The Forlorn Hope

: The Man From The Bitter Roots

It was August. "Old Turtle-back" was showing up at the diggin's and the

river would reach low water-mark with less than half a foot.

Pole in hand, big John Johnson of the crew stood on the rocking raft

anchored below The Big Mallard and opposite the rock where the boat had

sunk and smiled his solemn smile at Bruce.

"Don't know but what we ought to name her and break a bottle of ketchup

he bow of this here craft a'fore we la'nch her."

"The Forlorn Hope, The Last Chance, or something appropriate like that,"

Bruce suggested, although there was too much truth in the jest for him

to smile. This attempt to recover the sunken boat was literally that. If

it was gone, he was done. His work, all that he had been through, was

wasted effort; the whole an expensive fiasco proving that the majority

are sometimes right.

The suspense which Bruce had been under for more than two months would

soon be ended one way or the other. Day and night it seemed to him he

had thought of little else than the fate of the sunken boat. His brain

was tired with conjecturing as to what had happened to her when the

water had reached its flood. Had the force of it shoved her into deeper

water? Had the sand which the water carried at that period filled and

covered her? Had the current wrenched her to pieces and imbedded the

machinery deep in the sediment and mud?

Questioning his own judgment, doubtful as to whether he was right or

wrong, he had gone on with the work as though the machinery was to be

recovered, yet all the time he was filled with sickening doubts. But it

seemed as though his inborn tenacity of purpose, his mulish obstinacy,

would not let him quit, driving him on to finish the flume and trestle

40 feet high with every green log and timber snaked in and put in place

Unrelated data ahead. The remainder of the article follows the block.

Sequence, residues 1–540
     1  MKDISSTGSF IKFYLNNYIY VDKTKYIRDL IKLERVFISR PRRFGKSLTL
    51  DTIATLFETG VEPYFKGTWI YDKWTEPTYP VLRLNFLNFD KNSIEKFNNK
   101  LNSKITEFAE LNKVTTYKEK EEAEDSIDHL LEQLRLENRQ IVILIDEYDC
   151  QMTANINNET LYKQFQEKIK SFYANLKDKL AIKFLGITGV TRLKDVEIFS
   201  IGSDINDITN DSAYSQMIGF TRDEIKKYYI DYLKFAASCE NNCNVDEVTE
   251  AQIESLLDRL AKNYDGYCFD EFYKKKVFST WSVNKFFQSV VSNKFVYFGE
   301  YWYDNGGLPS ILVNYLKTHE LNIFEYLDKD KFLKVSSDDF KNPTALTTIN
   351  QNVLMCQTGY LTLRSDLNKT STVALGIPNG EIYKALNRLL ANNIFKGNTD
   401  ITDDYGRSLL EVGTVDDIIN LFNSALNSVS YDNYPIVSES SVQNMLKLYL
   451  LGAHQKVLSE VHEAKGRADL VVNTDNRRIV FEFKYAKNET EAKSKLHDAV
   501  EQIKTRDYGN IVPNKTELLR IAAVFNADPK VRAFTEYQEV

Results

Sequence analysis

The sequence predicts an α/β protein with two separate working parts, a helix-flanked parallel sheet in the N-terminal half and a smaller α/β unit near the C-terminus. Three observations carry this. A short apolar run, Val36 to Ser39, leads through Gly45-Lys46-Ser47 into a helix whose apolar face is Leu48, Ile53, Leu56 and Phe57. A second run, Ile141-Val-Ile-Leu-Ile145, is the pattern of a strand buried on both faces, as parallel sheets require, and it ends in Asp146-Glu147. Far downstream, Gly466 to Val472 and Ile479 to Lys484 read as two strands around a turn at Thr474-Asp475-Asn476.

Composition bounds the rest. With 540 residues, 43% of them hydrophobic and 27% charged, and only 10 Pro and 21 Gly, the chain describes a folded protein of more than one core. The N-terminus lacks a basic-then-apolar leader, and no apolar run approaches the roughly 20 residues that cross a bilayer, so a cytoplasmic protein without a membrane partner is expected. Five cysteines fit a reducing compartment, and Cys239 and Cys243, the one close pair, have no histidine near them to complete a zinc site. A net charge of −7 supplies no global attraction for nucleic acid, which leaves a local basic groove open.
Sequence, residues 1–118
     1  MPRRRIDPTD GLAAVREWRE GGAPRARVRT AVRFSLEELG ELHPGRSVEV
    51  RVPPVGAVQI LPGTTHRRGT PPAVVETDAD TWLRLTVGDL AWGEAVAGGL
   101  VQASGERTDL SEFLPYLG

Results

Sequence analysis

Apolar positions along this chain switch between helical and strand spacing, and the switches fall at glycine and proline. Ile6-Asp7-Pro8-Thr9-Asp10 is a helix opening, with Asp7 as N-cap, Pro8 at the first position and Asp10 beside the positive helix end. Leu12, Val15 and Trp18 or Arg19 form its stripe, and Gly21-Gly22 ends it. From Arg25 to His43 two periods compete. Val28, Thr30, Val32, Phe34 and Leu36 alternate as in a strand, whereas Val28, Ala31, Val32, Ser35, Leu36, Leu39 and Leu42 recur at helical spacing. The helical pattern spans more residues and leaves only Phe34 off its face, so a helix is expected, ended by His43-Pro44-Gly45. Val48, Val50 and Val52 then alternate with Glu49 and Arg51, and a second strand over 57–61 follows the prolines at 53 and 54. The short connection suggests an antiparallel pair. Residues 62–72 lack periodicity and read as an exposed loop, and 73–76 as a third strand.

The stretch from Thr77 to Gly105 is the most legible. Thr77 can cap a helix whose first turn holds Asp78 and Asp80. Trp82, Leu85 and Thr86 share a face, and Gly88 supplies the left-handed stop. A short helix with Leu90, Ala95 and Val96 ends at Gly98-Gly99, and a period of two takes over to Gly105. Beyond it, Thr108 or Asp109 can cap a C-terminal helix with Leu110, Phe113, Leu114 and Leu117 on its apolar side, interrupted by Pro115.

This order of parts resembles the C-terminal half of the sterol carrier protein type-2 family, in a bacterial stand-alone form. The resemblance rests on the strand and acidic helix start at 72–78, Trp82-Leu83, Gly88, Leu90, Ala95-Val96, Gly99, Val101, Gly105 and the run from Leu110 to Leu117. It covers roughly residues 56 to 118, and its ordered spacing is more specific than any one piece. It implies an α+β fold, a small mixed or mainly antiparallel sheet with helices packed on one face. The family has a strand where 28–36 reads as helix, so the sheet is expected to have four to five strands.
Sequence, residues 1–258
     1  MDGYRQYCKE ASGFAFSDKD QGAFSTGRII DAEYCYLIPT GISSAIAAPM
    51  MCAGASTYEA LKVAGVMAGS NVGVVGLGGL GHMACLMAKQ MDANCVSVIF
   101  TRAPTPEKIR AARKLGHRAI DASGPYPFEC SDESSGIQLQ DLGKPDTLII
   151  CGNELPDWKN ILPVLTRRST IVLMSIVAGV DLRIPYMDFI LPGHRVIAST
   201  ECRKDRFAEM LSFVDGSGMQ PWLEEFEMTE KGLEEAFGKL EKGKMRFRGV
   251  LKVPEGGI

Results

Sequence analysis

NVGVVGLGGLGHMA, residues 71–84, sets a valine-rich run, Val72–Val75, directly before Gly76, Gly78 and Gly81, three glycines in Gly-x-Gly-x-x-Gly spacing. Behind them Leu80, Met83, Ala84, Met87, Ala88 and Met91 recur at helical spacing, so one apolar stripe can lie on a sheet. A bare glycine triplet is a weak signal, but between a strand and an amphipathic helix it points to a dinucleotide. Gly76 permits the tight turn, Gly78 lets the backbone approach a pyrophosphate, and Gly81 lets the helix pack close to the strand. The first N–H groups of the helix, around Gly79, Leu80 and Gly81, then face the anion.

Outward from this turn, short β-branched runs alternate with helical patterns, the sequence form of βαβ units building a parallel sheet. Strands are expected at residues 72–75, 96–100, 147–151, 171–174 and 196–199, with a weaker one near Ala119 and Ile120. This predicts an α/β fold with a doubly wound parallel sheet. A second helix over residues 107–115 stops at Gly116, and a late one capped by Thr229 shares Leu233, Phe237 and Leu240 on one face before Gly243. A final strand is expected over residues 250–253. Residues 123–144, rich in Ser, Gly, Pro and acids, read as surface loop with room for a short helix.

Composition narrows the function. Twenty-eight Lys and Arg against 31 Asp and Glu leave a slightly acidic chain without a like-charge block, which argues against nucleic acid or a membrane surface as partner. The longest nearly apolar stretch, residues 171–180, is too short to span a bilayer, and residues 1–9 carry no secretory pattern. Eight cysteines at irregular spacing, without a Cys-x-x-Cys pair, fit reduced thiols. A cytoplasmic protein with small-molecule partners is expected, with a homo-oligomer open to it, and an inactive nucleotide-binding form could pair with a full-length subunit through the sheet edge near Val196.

by hand; to finish the pressure box and penstock and the 200 feet of

pipe-line riveted on the broiling hillside when the metal was almost too

hot to touch with the bare hand. The foundation of the power house was

ready for the machinery and the Pelton water-wheel had been installed.

It had taken time and money and grimy sweat. Was it all in vain?

Asking himself the question for which ten minutes at most would find the

answer Bruce sprang upon the tilting raft and nodded--

"Shove off."

As Bruce balanced himself on the raft while the Swede poled slowly

toward the rock that now arose from the water the size of a small house,

he was thankful that the face can be made at times to serve as so good a

mask. Not for the world would he have had John Johnson guess how afraid

he was, how actually scared to death when the raft bumped against the

huge brown rock and he knew that he must look over the side.

Holding the raft steady, Johnson kept his eyes on Bruce's face as he

peered into the river and searched the bottom. Not a muscle of Bruce's

face moved nor an eyelid flickered in the tense silence. Then he said


"John, she's gone."

A look of sympathy softened the Swede's homely face.

Bruce straightened up.

"Gone!" he reiterated--"gone."

Johnson might guess a little but he could never guess the whole of the

despair which seemed to crush Bruce like an overwhelming weight as he

stood looking at the sun shining upon the back of the twisting green